When Chicago city officials released the dashcam video of police officer Jason Van Dyke shooting 17-year-old Laquan McDonald on Tuesday, it marked the culmination of a months-long effort by journalists and other advocates to get the video released.
Officials had said that releasing the video would jeopardize an ongoing investigation into the incident and a fair trial for the officer. But after a judge last week determined those explanations to be bunk, the city was forced to release the video, which it did on Tuesday.
Here's how that process unfolded:
Oct. 20, 2014
Laquan McDonald is shot and killed by Chicago police officer Jason Van Dyke. Police say after the incident that McDonald was behaving strangely and had lunged at officers with a knife when they opened fire. Initial reports don't mention how many times McDonald was shot. The Independent Police Review Authority Board begins to investigate.
Nov. 4, 2014
Cook County State's Attorney Anita Alvarez obtains the video and begins investigating the incident. Alvarez would later defend not releasing the video after having possession of it for so long, saying that she was conducting a "meticulous" investigation.
Dec. 8, 2014
Journalist Jamie Kalven and Craig Futterman, a University of Chicago Law School professor, release a statement calling on Chicago police to release the dashcam video of the incident. Futterman and Kalven had been alerted to the video's existence by a whistleblower, who told them the video was horrific.
Kalven obtains a copy of McDonald's final autopsy report, which says that McDonald was shot 16 times.
The Chicago Tribune files three separate Freedom of Information Act requests to Chicago's law department, the police department and the Independent Police Review Authority Board. All three requests are denied.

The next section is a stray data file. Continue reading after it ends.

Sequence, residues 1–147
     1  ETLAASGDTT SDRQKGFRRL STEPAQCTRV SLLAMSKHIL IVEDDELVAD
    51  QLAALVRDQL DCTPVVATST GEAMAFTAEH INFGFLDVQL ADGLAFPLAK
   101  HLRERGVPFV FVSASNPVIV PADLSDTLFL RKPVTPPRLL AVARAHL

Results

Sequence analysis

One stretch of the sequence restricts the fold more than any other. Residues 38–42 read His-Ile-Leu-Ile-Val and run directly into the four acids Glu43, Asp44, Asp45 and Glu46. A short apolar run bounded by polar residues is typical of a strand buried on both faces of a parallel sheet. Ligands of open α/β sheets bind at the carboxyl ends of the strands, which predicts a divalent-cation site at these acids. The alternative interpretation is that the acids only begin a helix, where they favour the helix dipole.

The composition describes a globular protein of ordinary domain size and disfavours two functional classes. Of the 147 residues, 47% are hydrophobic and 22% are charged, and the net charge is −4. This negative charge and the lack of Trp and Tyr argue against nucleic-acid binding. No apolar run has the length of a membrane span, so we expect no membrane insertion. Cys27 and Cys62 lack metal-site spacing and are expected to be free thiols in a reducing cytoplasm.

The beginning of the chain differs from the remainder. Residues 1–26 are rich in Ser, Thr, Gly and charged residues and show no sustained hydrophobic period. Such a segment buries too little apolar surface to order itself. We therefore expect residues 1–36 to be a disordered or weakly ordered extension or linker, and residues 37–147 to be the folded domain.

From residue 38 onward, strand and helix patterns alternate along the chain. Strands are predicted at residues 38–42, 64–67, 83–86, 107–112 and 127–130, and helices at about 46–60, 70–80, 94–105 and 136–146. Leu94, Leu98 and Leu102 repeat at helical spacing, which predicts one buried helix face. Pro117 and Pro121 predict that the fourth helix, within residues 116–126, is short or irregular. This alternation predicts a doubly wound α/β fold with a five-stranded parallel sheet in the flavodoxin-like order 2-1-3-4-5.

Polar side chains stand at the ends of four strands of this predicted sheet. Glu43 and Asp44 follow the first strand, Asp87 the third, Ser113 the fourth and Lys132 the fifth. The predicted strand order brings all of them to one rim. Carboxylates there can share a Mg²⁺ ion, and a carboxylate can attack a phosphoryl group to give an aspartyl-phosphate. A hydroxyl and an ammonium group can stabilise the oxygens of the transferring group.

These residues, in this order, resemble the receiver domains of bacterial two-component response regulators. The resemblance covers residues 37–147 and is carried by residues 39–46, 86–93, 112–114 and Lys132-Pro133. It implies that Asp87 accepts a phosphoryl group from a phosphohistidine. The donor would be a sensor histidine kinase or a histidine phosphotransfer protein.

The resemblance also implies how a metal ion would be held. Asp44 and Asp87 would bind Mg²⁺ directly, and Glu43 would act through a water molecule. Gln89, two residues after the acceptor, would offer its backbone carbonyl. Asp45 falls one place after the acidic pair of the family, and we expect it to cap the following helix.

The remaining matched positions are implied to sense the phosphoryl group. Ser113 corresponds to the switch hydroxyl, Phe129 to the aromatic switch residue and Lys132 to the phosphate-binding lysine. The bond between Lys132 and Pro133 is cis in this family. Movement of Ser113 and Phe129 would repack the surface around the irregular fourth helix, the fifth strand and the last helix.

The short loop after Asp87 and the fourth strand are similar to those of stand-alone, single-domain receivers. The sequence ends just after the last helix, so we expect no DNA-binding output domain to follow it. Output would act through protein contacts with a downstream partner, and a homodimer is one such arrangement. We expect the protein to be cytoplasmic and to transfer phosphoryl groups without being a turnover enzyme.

The Chicago City Council approves a $5 million settlement with McDonald's family before they even file a lawsuit. Aldermen are not shown the video of the incident before approving the settlement, even though city Corporation Counsel Stephen Patton said the footage influenced the city's decision to settle before a lawsuit.
Officials also confirm that the FBI and the U.S. Attorney for the Northern District of Illinois are conducting a criminal probe into Van Dyke.
Chicago Mayor Rahm Emanuel (D) says that the police and FBI are withholding the video while they conduct an investigation, and city officials say releasing it would jeopardize a fair trial.
A Burger King district manager tells NBC Chicago that he believes police deleted security footage from the restaurant that captured moments surrounding the incident, whichMcDonald's family attorney claims would have given some context for the shooting. In a statement at the time, the Independent Police Review Authority Board says it has no credible evidence to believe that police officers deleted footage.
On May 26, freelance journalist Brandon Smith files a Freedom of Information Act request with the Chicago Police Department requesting the video, and the department asks him for an extension on his request until late July.
After Smith's Freedom of Information Act request is denied, he files a lawsuit against the Chicago Police Department to force them to release the video, claiming that the department is simply refusing to do so for public relations reasons.
In a piece explaining why he's suing the city, Smith says that CPD told him they had denied at least 15 Freedom of Information Act requests for the footage.
Nov. 18, 2015
The office of Illinois Attorney General Lisa Madigan (D) sends a letter to police saying that they cannot withhold the video, and saying that claims that releasing it would interfere with an ongoing investigation or jeopardize a fair trial are "unsubstantiated."
Nov. 19, 2015
Cook County Judge Franklin Valderrama orders the city to release the video by Nov. 25 and denies the city's request for a stay. Chicago legal officials say that they won't appeal the decision.
Nov. 24, 2015
City officials release footage of McDonald's death, which shows him walking away from police when he is shot, contradicting initial police reports of the incident.
Emanuel and Chicago Police Commissioner Garry McCarthy hold a press conference to discuss McDonald's death, but Smith, the reporter who sued the police department, isn't allowed to enter.
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